Kukla's Korner Hockey
via the Express-News,
When the Spurs knocked out the Suns to set up their meeting with the Jazz, more than a few people speculated the nation’s viewing public wouldn’t be too interested in watching the two small-market teams.
Apparently, San Antonio isn’t all that interested, either.
For the first time in the five-year history of the AT&T Center, the Spurs didn’t sell out a playoff game.
The Spurs listed their attendance as 18,300, about 500 short of the 18,797 capacity.
hmmm, will the media be all over this one?
thanks to a KK reader for the pointer
from Jim Kelley at Sportsnet,
There are countless things we can and should write about after a stunning weekend of hockey that saw the Presidents’ Trophy winning Buffalo Sabres eliminated and the Detroit Red Wings, the team that tied Buffalo for the most points in the regular season, put on the brink.
Television decisions shouldn’t be one of them, but what happened with NBC in the United States on Saturday and Sunday was almost beyond comprehension for a so-called major sports league.
from Darren Eliot at Sports Illustrated,
Everyone loves to hate a villain, and in the NHL, the Ducks are exhibit A—as in Anaheim. Even their makeover from the cartoonish Mighty Ducks to their more Dark Wing inspired motif fits. They fought more than any team during the regular season, and they continue to win in the playoffs despite taking penalties at an alarming rate. It’s part of playing a relentless forechecking style and banging bodies at every opportunity.
Sabres/Sens on Saturday 1.2 rating and a 3 share
Ducks/Wings on Sunday 1.6/4
via Tripp Mickle at Sports Business Journal (paid sub.),
The NHL is proposing the creation of an enhanced club services division that will share business practices in hopes of increasing league revenue by at least $85 million over the next five years.
Teams would be asked to help each other boost revenue by sharing business practices.
The proposal, which will be brought before the board of governors for a vote on June 20, calls for the creation of four account teams that will work with eight clubs each. Like the NBA’s team marketing and business operations department, the group will be designed to help those clubs maximize ticket and sponsorship sales, team sources said.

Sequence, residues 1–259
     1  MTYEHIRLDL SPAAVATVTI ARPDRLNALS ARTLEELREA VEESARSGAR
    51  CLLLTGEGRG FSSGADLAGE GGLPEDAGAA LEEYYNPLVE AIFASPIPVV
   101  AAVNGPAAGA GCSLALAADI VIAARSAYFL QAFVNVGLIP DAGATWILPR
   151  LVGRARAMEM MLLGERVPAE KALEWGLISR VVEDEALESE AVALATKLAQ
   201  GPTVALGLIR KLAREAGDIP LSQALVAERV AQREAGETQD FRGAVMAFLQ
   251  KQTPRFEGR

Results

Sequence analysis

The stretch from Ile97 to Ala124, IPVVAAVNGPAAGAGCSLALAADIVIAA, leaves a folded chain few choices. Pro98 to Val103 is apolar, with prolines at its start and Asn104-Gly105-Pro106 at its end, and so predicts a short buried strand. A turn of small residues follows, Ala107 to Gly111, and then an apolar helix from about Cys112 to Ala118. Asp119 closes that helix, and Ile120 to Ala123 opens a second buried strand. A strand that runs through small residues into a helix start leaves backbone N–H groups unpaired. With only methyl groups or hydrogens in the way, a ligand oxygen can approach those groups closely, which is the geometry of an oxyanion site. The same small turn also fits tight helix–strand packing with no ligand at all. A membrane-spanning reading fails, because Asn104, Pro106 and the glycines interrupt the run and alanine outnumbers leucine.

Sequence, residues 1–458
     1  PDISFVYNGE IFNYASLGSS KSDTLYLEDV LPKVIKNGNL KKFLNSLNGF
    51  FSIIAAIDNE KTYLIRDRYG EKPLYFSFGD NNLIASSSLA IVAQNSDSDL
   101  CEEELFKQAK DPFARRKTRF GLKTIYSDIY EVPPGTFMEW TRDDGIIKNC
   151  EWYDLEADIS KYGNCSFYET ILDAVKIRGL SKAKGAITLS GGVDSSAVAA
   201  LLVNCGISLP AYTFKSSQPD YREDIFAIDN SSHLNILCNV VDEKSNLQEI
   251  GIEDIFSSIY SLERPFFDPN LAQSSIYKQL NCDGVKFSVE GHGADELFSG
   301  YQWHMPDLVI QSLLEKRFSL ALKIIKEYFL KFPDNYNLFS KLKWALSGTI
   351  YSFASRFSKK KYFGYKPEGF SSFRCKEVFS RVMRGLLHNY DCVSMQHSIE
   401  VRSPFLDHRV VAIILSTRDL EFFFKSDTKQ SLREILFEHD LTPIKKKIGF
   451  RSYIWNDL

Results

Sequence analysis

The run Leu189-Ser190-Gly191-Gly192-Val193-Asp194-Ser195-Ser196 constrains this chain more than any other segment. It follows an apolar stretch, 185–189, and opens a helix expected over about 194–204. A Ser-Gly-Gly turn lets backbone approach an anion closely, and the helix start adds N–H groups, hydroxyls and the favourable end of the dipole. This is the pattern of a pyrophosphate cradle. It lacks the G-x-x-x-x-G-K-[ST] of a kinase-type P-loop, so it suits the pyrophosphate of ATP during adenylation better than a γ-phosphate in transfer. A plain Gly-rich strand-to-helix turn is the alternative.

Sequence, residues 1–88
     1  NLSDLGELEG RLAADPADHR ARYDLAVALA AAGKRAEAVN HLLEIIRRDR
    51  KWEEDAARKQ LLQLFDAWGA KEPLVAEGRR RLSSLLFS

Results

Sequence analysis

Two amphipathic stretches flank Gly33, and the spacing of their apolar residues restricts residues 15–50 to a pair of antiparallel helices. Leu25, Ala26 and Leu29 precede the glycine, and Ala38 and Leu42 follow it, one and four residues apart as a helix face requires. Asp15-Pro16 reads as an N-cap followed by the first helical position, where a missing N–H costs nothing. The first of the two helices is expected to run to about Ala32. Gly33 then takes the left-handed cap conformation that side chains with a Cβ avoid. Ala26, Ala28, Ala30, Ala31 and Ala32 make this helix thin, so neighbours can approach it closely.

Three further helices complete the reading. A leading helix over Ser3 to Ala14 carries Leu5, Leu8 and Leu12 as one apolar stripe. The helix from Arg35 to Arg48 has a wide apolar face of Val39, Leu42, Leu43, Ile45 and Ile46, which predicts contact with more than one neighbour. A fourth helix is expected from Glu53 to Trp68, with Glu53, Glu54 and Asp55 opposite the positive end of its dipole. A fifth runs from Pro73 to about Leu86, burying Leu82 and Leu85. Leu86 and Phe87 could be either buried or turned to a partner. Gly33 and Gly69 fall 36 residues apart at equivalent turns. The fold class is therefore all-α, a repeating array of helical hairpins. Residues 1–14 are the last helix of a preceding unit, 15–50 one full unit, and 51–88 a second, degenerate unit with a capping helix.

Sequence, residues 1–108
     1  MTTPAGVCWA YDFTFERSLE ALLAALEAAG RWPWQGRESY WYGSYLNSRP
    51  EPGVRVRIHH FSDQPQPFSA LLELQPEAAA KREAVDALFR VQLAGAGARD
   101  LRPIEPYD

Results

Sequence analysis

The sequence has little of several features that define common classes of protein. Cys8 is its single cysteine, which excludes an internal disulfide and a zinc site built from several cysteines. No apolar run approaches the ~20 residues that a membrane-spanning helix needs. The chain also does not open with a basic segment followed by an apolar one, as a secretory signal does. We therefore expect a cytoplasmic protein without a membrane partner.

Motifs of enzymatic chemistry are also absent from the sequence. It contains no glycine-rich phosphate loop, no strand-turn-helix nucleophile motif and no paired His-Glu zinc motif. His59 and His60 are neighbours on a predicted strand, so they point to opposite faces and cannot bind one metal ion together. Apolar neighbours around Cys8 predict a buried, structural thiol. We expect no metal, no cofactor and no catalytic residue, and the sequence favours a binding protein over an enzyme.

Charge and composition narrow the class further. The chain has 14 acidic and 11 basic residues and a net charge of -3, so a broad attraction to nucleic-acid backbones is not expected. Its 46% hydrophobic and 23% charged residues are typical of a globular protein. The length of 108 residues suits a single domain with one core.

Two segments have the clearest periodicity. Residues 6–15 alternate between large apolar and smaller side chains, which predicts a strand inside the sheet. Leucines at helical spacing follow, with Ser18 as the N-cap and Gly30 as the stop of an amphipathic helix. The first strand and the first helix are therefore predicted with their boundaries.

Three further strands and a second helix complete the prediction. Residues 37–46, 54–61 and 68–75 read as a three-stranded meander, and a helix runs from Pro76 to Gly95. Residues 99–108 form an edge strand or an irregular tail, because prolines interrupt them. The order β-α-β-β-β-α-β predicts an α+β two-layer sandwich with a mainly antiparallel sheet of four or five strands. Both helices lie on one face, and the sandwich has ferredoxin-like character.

The NHL acknowledged that there is a proposal but declined to discuss it in advance of the board of governors meeting.
from the Ottawa Citizen,
Drury said part of the pain on Saturday was the knowledge that faces were going to change in the next few months.
“Yeah, it certainly is,” he said.
“We’re not going to be a group anymore. After nine months, that is hard to take.
“And even teams that win, you know, like Carolina (in 2006), there are always changes, new faces. We know there are going to be changes here, and it’s hard because you do build friendships and you battle with guys
“Ultimately I guess that’s just the job we do and that’s sports.”
from Bill McGraw of the Detroit Free Press,
But the more you look into the nationality thing in hockey, the more nothing makes sense, stereotypes disintegrate and Don Cherry sounds like a resounding gong or clanging cymbal, in the words of one famous hockey writer.
First of all: Brian Burke, the guy who built the proto-Canadian Ducks. He was born in New England and grew up in Minnesota. He might be uptight, but he’s no Canadian.
In Sunday’s game between the Wings and Ducks, there was absolutely no pattern to nationality. I checked.
from Chris Stevenson of the Ottawa Sun,
Meet Dany Heatley, playmaker.
The Senators left winger, often facing withering defensive attention because of his goal-scoring skills, has turned into a set-up man.
He is the NHL’s leading playoff scorer with 21 points, moving ahead of linemate Jason Spezza with a one-goal, two-assist performance Saturday as the Senators earned their first trip to the Stanley Cup final.
from Steve Simmons of the Toronto Sun,
The best team in the Western Conference final is not winning the Western Conference final.
The deeper and stronger team on the ice is not leading 3-2 in the best-of-seven series.
When summer hits, and the Wings have not been part of any kind of parade, they may well look back at yesterday’s game at Joe Louis Arena, and at Game 4 in Anaheim, both of them one-sided, and tear themselves apart wondering how they let this opportunity pass.
from the Ottawa Business Journal,
The deeper the Sens go, it seems, the more people crowd into area sports bars and pubs and hold tailgate parties. Is there a monetary spin off to the local economy when an NHL franchise goes four rounds into the playoffs? If so, how much? And while Sens fans are encouraged to “Be Red,” is the club itself in the black?
Club management is tight-lipped on questions surrounding exact revenues, although experts peg the amount an NHL team earns per playoff home game somewhere between $1 million and $2 million, depending on the city, by adding up gate receipts, merchandise, parking and concessions and deducting expenses.
It’s likely higher still in Ottawa, since team owner Eugene Melnyk owns the building. Consider as well that ticket prices rise the deeper the team heads into the playoffs.
About Kukla's Korner Hockey
Paul Kukla founded Kukla’s Korner in 2005 and the site has since become the must-read site on the ‘net for all the latest happenings around the NHL.
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